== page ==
Raymond Schmidt, a former stockbroker employed by LPL Financial, was barred from future employment in the financial industry. The Financial Industry Regulatory Authority (FINRA) claims he borrowed $2.25 million from his customers. Although borrowing money from clients is not illegal, it is frowned upon and most brokerage firms don’t let employees do it. Schmidt ran afoul of the law when he borrowed money without telling his firm. He also broke the law when he lied on compliance questionnaires asking about private transactions with customers.
Mr. Schmidt was based in Oceanside, California. Regulators say that his client’s money used to construct a luxury residence in Hawaii.
FINRA has not accused Schmidt of stealing the money or defaulting on the loans. One customer sued claiming “elder abuse.” The amount sought in the lawsuit was $375,000. LPL paid $150,000.
A customer in another case claimed Schmidt owed $3,866,688 in lost opportunity costs and on loans advanced to him. LPL settled that claim for $275,000.
In ordering Schmidt banned from the securities industry, FINRA made a number of findings including that he failed to cooperate with the investigation. According to FINRA records, “Schmidt failed to provide documents and information as requested by FINRA and stated in a phone call with FINRA that he will not provide the requested documents and information and will not cooperate further with FINRA’s investigation.” Failing to cooperate in a formal investigation almost always means the broker has something to hide.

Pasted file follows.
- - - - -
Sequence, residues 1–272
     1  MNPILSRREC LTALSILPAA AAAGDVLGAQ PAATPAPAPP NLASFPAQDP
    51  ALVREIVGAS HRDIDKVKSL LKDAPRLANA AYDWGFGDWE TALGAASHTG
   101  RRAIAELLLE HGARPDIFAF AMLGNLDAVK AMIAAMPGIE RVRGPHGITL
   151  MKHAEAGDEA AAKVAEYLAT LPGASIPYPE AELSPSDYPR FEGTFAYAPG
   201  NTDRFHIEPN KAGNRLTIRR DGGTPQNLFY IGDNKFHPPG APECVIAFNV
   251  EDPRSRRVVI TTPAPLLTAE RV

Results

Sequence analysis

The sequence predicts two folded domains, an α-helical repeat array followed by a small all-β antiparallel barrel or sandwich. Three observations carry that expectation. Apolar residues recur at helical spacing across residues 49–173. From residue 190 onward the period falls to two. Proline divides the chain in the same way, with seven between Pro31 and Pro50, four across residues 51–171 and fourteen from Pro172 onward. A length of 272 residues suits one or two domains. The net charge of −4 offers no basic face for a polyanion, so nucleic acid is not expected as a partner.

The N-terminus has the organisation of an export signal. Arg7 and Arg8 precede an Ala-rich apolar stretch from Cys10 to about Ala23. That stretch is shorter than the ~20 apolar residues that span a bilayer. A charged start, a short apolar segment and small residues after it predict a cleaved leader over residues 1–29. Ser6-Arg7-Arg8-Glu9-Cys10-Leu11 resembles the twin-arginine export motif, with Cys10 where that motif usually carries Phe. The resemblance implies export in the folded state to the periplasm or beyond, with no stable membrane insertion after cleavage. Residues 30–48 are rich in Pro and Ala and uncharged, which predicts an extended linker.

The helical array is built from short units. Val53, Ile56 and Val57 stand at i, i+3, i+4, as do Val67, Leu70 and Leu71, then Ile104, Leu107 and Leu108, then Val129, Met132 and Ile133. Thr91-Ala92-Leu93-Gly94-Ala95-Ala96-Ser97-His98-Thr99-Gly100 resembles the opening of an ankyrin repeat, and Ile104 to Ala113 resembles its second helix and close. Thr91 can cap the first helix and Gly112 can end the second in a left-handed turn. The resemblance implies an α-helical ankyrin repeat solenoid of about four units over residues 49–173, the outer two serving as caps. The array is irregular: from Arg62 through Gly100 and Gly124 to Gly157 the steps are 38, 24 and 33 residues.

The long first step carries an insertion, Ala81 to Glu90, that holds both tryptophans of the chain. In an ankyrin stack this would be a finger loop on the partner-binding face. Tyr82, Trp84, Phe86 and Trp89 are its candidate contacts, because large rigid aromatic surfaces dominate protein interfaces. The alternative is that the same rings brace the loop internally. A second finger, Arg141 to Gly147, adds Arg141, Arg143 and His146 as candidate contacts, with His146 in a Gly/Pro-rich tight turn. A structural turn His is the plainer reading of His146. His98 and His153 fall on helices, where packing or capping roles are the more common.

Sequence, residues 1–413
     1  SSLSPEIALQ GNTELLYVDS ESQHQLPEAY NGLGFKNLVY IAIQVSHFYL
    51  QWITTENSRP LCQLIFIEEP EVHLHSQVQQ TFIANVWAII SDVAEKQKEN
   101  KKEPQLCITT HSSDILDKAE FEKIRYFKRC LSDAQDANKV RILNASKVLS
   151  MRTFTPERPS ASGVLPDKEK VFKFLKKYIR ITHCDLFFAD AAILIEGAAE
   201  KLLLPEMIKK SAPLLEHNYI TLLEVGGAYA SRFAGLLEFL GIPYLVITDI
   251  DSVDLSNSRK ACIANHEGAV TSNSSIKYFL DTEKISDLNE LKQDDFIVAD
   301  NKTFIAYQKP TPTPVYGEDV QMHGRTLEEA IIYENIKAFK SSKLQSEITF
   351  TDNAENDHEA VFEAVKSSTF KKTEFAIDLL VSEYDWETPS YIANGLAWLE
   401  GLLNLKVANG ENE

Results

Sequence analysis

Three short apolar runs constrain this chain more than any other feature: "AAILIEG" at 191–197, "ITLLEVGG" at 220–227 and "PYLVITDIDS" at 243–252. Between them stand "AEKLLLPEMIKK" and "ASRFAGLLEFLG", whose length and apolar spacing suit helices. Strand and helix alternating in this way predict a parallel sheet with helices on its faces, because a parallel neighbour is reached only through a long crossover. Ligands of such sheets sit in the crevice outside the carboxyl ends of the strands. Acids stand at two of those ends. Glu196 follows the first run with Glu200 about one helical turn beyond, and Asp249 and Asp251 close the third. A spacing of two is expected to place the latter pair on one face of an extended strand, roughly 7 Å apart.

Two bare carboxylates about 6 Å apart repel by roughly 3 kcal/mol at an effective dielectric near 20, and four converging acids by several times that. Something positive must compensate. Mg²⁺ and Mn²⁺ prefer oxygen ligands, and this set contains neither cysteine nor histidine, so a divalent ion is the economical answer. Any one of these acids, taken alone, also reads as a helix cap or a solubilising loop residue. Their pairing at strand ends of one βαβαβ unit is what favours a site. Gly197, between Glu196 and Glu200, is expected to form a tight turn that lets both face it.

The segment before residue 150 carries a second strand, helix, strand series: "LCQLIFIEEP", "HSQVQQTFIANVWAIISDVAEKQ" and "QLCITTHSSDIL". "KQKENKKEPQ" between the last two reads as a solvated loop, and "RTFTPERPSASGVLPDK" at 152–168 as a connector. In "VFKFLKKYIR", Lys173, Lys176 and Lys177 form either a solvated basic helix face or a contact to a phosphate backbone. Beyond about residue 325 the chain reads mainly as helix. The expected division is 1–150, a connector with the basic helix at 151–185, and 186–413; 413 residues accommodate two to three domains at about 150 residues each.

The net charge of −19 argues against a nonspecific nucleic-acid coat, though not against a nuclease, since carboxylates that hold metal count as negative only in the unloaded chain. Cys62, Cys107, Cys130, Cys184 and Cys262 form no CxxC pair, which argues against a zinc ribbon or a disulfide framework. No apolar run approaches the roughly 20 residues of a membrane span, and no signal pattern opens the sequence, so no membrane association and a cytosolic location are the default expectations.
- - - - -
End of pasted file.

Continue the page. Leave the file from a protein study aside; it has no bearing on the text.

Mr. Schmidt agreed to the ban without admitting or denying the findings.
Brokers that borrow from customers have a much higher risk of being compliance risks. Refusing to cooperate with regulators is even a bigger red flag.
Luckily for customers, the brokerage firms can often be held responsible for the private or outside conduct of their employees. That means LPL Financial could be stuck repaying any customers who loaned money to Schmidt.
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For more information, visit our LPL Financial page. Ready to see if you have a case? Contact attorney Brian Mahany at or by telephone at . All inquiries are kept strictly confidential. [Cases handled nationwide. We generally limit our practice to losses of $100,000 or more, however if close, give us a call.]
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